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Commented:
I changed your lookup table by adding a blank cell in A1 and the number 1 in B1. You can now use Barry's original formula:
=LOOKUP(2^15,SEARCH(Sheet2!A\$1:A\$12,E7),Sheet2!B\$1:B\$12)
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Commented:
server-inventory-core-count-temp.xlsx
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Author Commented:
thanks, that looks a lot nicer than what I had. Could you help me understand a few things though?

The SEARCH function, what does it return? When I copy that formula out to another cell, it does not work. From what it looks like, it will return the cell that contains the value that is found? do the \$ before the cell #'s signify this?

Also why is 2^15 used in the LOOKUP function?
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Commented:
SEARCH returns an array of #VALUE! error values and string starting positions. In this case, the first result in the array (searching for nothing) returns the starting position of 1. And the exact match for the four digit number returns a larger starting position. We need to search this array and return a value from the same row in column Z.

The reason that SEARCH isn't working in a separate cell is that it returns an array of values, one for each row in the lookup table.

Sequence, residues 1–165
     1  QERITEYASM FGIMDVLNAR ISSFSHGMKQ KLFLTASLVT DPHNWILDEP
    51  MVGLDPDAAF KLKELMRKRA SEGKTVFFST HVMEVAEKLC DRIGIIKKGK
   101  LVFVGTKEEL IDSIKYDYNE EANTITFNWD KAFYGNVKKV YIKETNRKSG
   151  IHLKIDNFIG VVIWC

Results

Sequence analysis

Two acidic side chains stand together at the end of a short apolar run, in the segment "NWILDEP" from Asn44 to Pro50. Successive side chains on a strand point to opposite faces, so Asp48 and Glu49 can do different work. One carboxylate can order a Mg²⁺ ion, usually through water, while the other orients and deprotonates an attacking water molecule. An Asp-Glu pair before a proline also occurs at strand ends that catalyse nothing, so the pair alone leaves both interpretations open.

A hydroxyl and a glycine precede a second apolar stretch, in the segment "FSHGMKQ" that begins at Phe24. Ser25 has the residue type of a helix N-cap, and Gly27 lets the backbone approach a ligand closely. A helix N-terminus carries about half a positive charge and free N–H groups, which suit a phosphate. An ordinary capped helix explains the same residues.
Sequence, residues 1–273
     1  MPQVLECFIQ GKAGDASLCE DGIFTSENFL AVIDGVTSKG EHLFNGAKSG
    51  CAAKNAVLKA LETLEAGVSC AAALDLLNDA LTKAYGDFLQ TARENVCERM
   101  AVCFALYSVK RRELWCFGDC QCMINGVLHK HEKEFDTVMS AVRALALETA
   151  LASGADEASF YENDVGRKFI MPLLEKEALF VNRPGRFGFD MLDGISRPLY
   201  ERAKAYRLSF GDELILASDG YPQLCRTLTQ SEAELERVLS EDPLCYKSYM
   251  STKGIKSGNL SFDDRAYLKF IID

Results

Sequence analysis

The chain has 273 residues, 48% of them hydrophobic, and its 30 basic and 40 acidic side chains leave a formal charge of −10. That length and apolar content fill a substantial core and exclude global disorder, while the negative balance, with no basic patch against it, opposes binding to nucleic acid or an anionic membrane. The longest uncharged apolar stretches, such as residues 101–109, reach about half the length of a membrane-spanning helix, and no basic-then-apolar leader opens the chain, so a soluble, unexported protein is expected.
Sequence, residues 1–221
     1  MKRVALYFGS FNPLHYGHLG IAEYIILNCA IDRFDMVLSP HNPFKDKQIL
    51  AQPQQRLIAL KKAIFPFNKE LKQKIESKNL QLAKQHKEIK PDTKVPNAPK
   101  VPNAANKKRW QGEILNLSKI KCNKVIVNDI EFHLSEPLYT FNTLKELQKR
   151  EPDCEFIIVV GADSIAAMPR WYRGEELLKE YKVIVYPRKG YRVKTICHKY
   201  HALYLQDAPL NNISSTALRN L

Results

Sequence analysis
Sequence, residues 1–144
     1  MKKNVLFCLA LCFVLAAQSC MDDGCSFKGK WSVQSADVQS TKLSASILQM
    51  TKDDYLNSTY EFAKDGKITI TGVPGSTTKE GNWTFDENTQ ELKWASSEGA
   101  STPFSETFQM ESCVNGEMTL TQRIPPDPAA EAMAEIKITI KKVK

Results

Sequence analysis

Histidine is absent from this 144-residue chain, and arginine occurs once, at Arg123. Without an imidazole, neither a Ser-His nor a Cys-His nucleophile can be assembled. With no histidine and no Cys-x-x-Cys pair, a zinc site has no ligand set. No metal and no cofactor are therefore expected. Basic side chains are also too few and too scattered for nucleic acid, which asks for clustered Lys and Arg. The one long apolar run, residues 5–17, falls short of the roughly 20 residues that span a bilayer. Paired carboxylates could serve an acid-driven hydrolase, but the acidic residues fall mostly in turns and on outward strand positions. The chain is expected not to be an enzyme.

If it cannot find an exact match and there is nothing bigger in its second parameter, the LOOKUP function has the useful property of returning the last value that it found of the same data type. The number 2^15 is bigger than any possible match, so you get a value from column Z in the same row as the last matching value from column Y.

The \$ before the row numbers just mean that they should remain fixed when you copy the formula down. Row numbers without the \$ automatically increase by 1 with each successive row in the copy--so the formula is always searching column E in the same row as the formula.

You may find it helpful to use the Formulas...Evaluate Formula menu item. Click the Evaluate button several times to watch how Excel interprets the formula.
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Commented:
ryan80,
Do remember that it is Barry's formula. I'm just 'splaining how it works.

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Commented:
Is this solution meeting the need?  I would use INDEX so the table doesn't need to be sorted and so it will skip blanks.
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Commented:
ussc1,
The table doesn't need to be sorted. LOOKUP is trying to find a value that is bigger than any possible return from SEARCH, so sorting is no longer an issue.

The only requirement is that the blank cell be the first row in the table, and that there be no more blank cells.

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Author Commented:
Thanks,

The formula works great, and that explanation really helps me understand what is going on.